No, it isn’t. Writing isn’t anything in particular to different authors, or to a single author writing for different purposes and different audiences on different occasions.
When Ernest Hemingway (or Red Smith, or Paul Gallico) sat down at his typewriter and opened a vein, was it difficult for him? Easy but painful? Gratifying? Or all four?
Writing isn’t a single skill, so even if one part comes easily – the conflict of a plot, a provocative character, or unexplored setting – the next can require time and effort, blood and sweat, to get the words right (as Hemingway said, for sure this time, to the Paris Review).
Writing fiction is a peculiar activity by any account. You sit down in a room alone, ignore the actual world around you, and inhabit another instead of your own devising. This imagined world may be far worse than the actual world, crueler or more frightening, but a writer chooses to linger there, constructing it image by image, sound by sound, word by word.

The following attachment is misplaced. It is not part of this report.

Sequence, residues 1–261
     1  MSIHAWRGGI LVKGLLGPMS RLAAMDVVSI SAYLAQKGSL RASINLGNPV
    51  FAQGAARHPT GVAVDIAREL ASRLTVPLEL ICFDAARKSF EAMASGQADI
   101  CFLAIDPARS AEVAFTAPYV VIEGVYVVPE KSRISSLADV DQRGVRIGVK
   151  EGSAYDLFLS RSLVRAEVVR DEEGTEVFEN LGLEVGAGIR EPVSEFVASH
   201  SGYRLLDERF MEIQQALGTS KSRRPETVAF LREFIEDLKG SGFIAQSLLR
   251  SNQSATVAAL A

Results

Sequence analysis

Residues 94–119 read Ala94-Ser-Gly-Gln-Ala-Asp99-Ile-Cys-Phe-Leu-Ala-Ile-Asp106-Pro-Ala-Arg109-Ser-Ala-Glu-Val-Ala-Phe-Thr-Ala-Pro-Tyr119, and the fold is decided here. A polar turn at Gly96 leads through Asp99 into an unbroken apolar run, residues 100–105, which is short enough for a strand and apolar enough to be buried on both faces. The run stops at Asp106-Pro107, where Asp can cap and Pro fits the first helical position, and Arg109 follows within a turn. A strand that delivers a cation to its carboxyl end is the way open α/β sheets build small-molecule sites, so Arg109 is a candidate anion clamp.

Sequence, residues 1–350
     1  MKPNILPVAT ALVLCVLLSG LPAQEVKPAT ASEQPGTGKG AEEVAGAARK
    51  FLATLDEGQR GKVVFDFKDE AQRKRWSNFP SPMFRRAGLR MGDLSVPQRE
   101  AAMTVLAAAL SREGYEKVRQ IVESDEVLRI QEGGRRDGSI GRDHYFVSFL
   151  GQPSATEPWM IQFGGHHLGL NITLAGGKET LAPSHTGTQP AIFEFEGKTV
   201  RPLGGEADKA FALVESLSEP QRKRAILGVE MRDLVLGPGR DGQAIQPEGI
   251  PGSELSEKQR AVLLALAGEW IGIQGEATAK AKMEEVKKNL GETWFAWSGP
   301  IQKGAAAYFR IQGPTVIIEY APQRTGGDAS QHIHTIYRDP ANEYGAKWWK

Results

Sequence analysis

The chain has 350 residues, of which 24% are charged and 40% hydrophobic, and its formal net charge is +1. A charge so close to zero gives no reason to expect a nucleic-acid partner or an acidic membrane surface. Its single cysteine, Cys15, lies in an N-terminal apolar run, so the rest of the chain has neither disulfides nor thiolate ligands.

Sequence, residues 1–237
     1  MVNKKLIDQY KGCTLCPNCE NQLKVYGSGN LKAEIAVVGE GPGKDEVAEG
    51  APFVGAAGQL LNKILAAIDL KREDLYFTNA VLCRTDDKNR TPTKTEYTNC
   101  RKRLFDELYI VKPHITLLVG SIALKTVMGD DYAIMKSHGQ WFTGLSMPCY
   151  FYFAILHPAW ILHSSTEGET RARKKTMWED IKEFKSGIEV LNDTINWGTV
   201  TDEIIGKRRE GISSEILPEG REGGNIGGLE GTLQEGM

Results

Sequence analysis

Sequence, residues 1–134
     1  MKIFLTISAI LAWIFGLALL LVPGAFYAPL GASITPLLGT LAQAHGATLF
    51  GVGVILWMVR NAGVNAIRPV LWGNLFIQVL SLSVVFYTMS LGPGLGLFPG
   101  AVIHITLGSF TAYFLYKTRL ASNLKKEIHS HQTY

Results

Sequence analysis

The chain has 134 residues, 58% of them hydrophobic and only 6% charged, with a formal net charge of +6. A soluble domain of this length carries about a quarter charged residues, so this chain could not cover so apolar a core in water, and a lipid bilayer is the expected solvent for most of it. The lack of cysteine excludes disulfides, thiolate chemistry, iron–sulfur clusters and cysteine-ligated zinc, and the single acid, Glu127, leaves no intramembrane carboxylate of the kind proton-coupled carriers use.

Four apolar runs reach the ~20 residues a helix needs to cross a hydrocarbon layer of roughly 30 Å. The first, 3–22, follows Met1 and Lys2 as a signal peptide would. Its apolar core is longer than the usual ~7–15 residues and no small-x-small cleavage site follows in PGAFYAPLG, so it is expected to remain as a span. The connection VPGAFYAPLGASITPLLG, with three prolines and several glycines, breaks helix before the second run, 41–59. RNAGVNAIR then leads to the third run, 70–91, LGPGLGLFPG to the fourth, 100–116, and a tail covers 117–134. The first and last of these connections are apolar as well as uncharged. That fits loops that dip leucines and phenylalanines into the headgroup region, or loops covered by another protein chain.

To do this requires some generative ability to dream up new people, conflicts, and reversals, and some critical skill to select and shape those ideas. A writer with ready access to his or her imagination may find the first task easy enough but struggle over the second; or a writer well versed in craft may have no trouble revising and editing but a hell of a time unearthing new ideas.
Dialogue comes easily? How about description? Got a big vocabulary? How easily do your sentences flow, phrase after phrase? You might have your basic grammar down, but do you go with the proper word here or the way most people speak? And is that expression current slang or the sound of your generation?Add to the mix the importance of observing human behavior and empathizing with feelings, and you have an idea of the range of abilities with which a writer will have more or less facility.
Then there's the difficulty of telling the truth, and the desire to see it in print. It can be a snap to fill a page with something that needs to be said -- or excruciating to write one word in lipstick on a mirror, or in dust on the trunk of a car.